Quote:
But I just don't know how or where to look.


http://www.ellisoneducation.com/catalog#facets=category~shap...
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Corsaire
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I have CraftRobo by Graphtec, also sold as Silhouette new version. Costs around $200. I haven't run it on chipboard, but does a wonderful job with very thick cardstock. Basically it is an old school plotter with an xacto like cutting blade that you can send your own vector graphics cutting instructions to. It has a detector that will align the cutting to print marks on your print copy.
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Yeah, a proper die setup (the machine and say 2 custom dies) can be $800 to $1200. I'm planning on adding that and an 11x17 color laser printer to the shop and doing my smaller releases in-house and also take on some outside work to help offset costs.

I've yet to try the foam method but I know when it comes to selling games that companies with 'squishy' counters are not usually very popular and can have problems in wargames in regard to stacking. There again, I haven't tested but I think I would like them myself (I like single sided counters and no stacking as a rule).
 
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Mark J
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Corsaire wrote:
I have CraftRobo by Graphtec, also sold as Silhouette new version. Costs around $200. I haven't run it on chipboard, but does a wonderful job with very thick cardstock. Basically it is an old school plotter with an xacto like cutting blade that you can send your own vector graphics cutting instructions to. It has a detector that will align the cutting to print marks on your print copy.


I think that's similar to the Zing that I recently bought. You basically draw a vector image and it cuts it. I found it works great on cardstock -- I tried using it to make cards on 110# cardstock and that worked quite well. A shade slow maybe, I'll have to time it, but I laid out 9 cards per sheet and it cut that in maybe a minute. It has a laser to align the cutter with registration marks and if you do it right, while, I had an image that I drew with 1/2 point thick lines (1/144") and the blade went right through every line on the page perfectly.

But then I tried it on some thicker material to make counters and I just don't seem to be able to get clean cuts, and it's very slow. Now I don't want to bad-mouth the manufacturer. They admit in their documentation that you need to tinker with settings and experiment to get good cuts. I spent several hours tinkering with it and couldn't get it to work quite right, but my last try was pretty close, so maybe with a little more work I'd get there. I intend to play with it some more. It's very flexible, but I'm thinking that a die cutter would be easier and a lot faster.
 
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Mark J
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pnpfanatic wrote:
Yeah, a proper die setup (the machine and say 2 custom dies) can be $800 to $1200. I'm planning on adding that and an 11x17 color laser printer to the shop and doing my smaller releases in-house and also take on some outside work to help offset costs.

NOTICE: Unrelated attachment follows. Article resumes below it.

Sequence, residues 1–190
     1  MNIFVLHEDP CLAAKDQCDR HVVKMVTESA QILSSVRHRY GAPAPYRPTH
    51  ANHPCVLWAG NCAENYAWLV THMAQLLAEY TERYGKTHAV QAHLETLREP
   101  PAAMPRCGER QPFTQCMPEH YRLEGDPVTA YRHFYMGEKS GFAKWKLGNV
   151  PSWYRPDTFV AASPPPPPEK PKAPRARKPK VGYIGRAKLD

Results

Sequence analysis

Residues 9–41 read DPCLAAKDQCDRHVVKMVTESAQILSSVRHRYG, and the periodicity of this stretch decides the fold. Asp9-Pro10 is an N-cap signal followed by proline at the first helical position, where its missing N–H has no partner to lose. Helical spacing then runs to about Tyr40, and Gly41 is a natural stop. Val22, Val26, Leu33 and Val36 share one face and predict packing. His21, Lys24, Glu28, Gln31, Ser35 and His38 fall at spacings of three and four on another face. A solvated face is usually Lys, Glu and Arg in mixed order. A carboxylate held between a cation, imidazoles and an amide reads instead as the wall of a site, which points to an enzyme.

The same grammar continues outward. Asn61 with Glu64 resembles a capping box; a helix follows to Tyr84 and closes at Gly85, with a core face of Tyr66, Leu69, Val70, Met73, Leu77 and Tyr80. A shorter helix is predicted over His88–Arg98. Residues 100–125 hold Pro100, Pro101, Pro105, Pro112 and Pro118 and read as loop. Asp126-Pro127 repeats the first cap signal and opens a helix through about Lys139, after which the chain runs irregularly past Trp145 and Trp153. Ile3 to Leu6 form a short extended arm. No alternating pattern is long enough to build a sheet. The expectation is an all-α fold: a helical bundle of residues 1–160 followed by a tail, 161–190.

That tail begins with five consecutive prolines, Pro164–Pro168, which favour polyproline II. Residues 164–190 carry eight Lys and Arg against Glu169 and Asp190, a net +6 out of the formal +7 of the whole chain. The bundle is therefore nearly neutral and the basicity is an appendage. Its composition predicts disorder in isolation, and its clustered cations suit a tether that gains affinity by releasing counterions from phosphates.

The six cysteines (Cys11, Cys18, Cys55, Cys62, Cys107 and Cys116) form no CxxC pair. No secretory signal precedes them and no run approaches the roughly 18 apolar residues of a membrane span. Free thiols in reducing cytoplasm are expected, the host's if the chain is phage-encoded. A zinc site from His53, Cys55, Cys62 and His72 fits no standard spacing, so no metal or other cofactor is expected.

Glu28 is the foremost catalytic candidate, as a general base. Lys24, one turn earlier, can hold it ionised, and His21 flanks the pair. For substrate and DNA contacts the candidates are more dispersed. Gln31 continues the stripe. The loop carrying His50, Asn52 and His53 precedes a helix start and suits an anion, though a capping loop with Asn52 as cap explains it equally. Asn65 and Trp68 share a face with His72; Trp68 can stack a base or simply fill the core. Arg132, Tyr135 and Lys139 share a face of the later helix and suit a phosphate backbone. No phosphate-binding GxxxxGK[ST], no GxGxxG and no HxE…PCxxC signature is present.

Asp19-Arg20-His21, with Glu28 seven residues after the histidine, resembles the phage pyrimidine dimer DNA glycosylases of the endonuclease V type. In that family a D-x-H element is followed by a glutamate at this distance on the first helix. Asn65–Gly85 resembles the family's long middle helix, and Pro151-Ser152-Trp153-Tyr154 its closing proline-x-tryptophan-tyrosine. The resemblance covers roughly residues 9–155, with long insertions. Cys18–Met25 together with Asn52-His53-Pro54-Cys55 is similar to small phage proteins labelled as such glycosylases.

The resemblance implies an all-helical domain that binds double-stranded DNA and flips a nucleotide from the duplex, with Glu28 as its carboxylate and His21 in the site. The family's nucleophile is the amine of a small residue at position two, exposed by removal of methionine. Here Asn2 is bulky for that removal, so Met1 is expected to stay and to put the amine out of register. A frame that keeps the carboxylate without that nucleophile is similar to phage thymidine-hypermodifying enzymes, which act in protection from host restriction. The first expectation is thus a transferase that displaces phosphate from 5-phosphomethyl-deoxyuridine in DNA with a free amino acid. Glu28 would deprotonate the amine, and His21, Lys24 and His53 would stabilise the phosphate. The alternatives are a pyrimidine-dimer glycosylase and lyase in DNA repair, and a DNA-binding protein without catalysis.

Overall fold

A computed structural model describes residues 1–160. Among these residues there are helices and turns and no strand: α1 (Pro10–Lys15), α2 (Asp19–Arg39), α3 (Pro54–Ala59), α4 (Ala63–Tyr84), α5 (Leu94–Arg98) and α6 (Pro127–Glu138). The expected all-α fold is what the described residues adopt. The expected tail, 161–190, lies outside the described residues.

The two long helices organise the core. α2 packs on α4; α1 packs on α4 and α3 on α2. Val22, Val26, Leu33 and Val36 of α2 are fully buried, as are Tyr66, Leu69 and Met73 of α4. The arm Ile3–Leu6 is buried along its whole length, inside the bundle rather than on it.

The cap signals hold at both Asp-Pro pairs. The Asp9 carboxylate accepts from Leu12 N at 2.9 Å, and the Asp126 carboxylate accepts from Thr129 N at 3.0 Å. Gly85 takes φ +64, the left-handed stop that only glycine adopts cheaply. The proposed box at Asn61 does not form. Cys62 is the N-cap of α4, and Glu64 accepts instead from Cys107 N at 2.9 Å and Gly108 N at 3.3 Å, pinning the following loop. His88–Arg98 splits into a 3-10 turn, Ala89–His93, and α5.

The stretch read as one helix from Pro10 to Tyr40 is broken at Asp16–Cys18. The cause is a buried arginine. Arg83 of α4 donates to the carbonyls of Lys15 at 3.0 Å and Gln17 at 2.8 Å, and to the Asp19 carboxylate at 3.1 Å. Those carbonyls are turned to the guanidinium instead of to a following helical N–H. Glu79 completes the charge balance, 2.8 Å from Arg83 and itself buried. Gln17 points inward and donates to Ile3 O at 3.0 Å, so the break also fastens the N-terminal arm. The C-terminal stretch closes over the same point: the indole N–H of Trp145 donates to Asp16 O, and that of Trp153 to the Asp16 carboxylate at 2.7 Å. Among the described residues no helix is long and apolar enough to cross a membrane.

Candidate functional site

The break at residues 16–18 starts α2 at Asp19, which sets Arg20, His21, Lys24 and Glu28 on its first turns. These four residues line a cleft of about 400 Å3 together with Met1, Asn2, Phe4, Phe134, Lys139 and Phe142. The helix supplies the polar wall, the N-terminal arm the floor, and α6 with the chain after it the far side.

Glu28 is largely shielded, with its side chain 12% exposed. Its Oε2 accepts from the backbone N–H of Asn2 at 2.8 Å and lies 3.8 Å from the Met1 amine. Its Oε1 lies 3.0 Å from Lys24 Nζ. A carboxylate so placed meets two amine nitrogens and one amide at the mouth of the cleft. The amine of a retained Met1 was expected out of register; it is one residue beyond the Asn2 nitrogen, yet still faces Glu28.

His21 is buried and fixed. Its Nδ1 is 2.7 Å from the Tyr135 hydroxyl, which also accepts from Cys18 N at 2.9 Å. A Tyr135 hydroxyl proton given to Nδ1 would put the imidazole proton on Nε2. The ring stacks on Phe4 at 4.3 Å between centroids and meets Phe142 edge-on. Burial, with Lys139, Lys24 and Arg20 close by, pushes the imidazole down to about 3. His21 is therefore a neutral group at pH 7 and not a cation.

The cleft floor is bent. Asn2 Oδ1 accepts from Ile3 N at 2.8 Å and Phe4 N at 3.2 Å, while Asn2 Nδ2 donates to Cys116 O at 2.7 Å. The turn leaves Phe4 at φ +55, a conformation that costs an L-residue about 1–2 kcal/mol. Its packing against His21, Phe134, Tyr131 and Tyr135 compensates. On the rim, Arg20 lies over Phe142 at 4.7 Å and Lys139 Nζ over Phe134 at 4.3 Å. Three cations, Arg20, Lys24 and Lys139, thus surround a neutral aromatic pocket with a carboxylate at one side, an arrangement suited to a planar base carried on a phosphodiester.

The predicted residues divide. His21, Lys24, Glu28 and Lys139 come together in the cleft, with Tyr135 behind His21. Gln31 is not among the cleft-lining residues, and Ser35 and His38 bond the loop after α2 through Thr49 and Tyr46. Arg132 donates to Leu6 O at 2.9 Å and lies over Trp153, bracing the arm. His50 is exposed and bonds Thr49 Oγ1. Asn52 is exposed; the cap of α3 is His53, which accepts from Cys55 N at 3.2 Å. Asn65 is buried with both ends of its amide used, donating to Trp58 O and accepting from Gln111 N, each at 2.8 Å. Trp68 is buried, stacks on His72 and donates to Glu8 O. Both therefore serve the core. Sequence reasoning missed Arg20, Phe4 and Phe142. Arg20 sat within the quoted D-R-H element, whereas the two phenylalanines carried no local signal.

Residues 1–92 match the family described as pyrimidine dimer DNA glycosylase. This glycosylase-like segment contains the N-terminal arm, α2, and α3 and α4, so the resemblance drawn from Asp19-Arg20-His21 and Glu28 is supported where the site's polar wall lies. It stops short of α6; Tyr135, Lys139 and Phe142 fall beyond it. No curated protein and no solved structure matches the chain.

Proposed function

Yeah, I'm kicking around the idea of trying to produce a game at home. I realistically don't expect that any game that I invent will sell millions of copies. I think hundreds is a realistic goal. So if I could crank out a couple a week in my spare time I could probably keep up with demand. The other obvious alternative is POD printers. I'm new to this, I'm just considering possibilities.

Quote:
I've yet to try the foam method but I know when it comes to selling games that companies with 'squishy' counters are not usually very popular and can have problems in wargames in regard to stacking. There again, I haven't tested but I think I would like them myself (I like single sided counters and no stacking as a rule).


The "foam" that I'm talking about is not very squishy, no more than typical cardboard I think. The stuff I played with I got from, umm, I got something from Staples and something from Hobby Lobby, but the foam I used was like 2 or 3 mm thick.
 
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Josette Baysdell
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I recently made my husband two sets of wargame counters (1.25 x 1.25" and 1.25 x 1.75"), about 330 counters in all. Used 8.5 x 11" white labels for printing and a heavy black chipboard for the base.

I made most of the initial cuts with a utility knife and a metal ruler.

http://www.amazon.com/gp/product/B0006O87O6/ref=oh_details_o...

and then finished them off with this rotary cutter.

http://www.amazon.com/gp/product/B001CE8JF6/ref=oh_details_o...

It was kind of a long process, but the counters turned out very well, nice smooth cuts. The rotary cutter was a bit pricey, but worth it.

As the borders of the different armies were black and red, we finished them off with permanent markers along the sides to cover any visible white label edges. Made them look fairly professional.

Now he wants more. I think I have gotten myself into trouble here.


 
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Roger Mark
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http://boardgamegeek.com/boardgamepublisher/2456/the-game-cr...

 
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Mark J
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grunt101st wrote:


Sure. That's another option.